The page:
I feel somewhat ridiculous admitting this, but here we go.

I cried at a sunset.

I’d like to stress it was not full on sobbing but there were enough tears to warrant ticking ‘crying at a sunset’ off the backpacker bingo card. (You’ll be relieved to know I’ve yet to say I’ve found myself.)

cried at a sunset. 

I worry if I had been a few years younger I would have written a poem about it, too. I also worry that if I explain it, I’ll make myself sound worse but the reason I’m bothering to write about this is because it was a special moment for me. So you’ll have to bear with me.

I was in Taupo on a one day visit before continuing up to Auckland for the Easter weekend.


This was my first time getting a little holiday in New Zealand, as I had mostly been working full time at Foxglove.

I met a couple of lovely girls on the Kiwi Experience bus and we spent a grey afternoon playing mini-golf with a guy from our bus. It was such an unexpected pocket of pleasantness to find myself in as I hadn’t expected to bond with people in the couple of days I would be on the bus. My big Kiwi Experience was waiting for the summer and savings to roll around.

Later in the day I was in my surprisingly empty hostel room, content with own company and thankful for the bottom bunk. I was just scrolling through my phone, messaging a few friends from home, when I noticed the lighting in the room began to change. It was so yellow, like melting butter.

This is going to be good. 

Just to let you know, my dad and I love sunsets. We’re both known for taking pictures from our home or occasionally going out into the street if it’s a particularly impressive one. One time we were driving home, watching the sky blush a deeper and deeper pink. We stopped the car in a field, leaped out and looked around in awe. Dad was practically whooping with joy.  I definitely get my love of nature and giving time to appreciate the simple things from him. I am so grateful to have both of these traits.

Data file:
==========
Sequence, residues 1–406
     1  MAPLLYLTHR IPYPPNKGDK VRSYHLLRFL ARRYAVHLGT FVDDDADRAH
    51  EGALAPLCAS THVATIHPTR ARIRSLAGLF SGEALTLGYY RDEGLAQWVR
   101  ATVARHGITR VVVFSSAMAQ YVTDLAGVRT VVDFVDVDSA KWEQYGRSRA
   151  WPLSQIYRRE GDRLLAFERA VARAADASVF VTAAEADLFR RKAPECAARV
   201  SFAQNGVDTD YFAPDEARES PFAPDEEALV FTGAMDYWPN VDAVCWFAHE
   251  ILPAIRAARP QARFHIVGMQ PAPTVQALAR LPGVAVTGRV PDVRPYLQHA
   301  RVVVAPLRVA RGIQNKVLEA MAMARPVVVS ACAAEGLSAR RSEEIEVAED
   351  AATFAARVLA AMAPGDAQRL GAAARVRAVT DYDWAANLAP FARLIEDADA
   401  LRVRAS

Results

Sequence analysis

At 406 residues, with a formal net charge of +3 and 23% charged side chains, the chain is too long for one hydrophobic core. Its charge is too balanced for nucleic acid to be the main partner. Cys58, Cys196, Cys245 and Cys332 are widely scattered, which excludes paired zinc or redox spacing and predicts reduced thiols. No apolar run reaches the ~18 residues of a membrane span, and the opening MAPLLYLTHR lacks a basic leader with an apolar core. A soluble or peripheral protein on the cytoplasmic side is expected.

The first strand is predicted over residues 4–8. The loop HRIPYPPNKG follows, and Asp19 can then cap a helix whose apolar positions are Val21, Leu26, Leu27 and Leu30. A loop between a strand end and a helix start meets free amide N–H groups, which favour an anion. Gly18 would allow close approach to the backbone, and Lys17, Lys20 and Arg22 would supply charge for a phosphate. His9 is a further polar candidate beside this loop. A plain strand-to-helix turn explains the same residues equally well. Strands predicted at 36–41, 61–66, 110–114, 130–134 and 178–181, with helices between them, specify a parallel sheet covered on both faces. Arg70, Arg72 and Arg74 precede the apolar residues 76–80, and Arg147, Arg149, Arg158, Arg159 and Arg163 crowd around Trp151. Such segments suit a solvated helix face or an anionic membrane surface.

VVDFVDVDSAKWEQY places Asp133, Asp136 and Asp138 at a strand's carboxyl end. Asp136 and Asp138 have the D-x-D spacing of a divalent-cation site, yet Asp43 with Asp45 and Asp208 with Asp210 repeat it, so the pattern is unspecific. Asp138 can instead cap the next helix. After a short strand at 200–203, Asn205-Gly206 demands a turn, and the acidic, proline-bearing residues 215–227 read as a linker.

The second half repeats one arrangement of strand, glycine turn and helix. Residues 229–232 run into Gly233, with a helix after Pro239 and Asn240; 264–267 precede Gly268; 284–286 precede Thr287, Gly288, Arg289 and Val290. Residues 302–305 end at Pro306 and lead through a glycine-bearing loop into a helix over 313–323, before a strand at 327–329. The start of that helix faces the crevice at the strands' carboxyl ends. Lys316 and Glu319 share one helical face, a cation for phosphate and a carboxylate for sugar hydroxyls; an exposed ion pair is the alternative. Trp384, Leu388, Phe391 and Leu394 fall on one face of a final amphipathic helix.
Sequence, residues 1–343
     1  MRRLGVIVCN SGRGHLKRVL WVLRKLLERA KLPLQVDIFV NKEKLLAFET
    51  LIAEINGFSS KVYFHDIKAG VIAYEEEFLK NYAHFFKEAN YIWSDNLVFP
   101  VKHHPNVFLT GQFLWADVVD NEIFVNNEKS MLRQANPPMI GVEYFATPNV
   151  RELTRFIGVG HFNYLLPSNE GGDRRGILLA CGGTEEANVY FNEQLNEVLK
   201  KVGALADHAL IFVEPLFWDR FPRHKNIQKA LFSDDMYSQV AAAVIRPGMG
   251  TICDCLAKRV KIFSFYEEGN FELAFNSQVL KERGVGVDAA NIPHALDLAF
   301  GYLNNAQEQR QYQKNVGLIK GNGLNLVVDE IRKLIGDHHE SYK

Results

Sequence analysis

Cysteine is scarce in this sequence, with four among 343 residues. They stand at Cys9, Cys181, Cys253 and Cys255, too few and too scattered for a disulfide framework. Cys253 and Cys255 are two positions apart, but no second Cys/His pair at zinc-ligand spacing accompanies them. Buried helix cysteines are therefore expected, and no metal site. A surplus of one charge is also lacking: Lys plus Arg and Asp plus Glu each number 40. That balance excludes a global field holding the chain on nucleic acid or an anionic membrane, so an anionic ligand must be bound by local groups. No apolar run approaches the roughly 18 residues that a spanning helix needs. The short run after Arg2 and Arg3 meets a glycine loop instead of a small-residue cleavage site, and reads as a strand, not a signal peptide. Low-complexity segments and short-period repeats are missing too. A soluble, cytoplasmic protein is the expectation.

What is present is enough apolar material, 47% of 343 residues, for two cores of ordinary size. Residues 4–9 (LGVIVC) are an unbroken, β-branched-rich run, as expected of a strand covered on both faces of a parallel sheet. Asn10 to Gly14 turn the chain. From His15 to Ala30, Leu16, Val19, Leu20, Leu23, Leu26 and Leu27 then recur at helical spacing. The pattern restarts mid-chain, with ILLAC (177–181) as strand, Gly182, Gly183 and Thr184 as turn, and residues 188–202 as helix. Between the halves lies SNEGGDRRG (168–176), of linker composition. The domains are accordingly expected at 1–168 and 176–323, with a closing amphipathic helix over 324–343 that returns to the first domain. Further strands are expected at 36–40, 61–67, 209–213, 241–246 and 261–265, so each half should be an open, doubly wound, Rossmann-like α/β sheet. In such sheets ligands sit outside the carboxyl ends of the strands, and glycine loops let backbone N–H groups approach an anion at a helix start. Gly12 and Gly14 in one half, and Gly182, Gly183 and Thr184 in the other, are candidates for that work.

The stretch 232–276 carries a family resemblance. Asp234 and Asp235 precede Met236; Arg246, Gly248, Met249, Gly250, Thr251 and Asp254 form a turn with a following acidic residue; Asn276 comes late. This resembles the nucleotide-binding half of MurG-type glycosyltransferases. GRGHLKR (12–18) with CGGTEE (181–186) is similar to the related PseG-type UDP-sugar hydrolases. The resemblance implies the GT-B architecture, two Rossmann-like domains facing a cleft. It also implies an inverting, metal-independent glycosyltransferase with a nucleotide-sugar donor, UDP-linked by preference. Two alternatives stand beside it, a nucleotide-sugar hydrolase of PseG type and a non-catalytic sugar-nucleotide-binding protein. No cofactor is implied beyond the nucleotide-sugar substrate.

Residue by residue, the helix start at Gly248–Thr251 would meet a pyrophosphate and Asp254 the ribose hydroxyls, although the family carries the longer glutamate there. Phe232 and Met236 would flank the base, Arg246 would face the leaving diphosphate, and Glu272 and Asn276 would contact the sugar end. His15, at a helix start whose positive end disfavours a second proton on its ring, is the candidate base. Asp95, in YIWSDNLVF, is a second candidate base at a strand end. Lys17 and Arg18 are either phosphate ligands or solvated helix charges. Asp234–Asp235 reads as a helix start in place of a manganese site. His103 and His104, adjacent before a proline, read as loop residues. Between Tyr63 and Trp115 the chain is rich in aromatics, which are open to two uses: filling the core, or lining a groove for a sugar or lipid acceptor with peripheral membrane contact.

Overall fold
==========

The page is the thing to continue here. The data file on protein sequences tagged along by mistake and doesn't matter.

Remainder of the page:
I raced from my room and headed to Lake Taupo. I got to the lake in minutes, my palms tingled, I had a feeling what I was about to see was special.

All I could do initially was just stand there, trying to take it in. I tend to think of the sky in shades of blue, grey before it fades to black. I didn’t think it could be this purple.  It was ethereal. Swirls of pink were amid the purple and the clouds lined with that buttery light. The water was reflecting, amplifying it, making the colours all the richer. The ripples mixing this palette together. There was little sound apart from the flow of water and fellow sunset watchers remarking at the magnificence of this moment.


I let out an incredulous laugh, quickly holding a hand to my mouth. I shook my head in disbelief.

How is this real? What did I do to get so lucky to see something like this? I get to call this beautiful country home.

It was here when the tears came out.

I watched the light change: the lilac became a rich plum, to a dark velvet, the pink becoming crimson and the water steadily growing darker.


I took great pleasure in the fact I could dedicate my time to watch the sun sink behind the mountains and think of little else. I think it’s important to remember these little moments, the simple joy of watching of a sunset and giving some time to admire the world, no matter where you are in it.


One thought on “Taupo

  1. Pingback: There and Back Again | The Little Sail Boat

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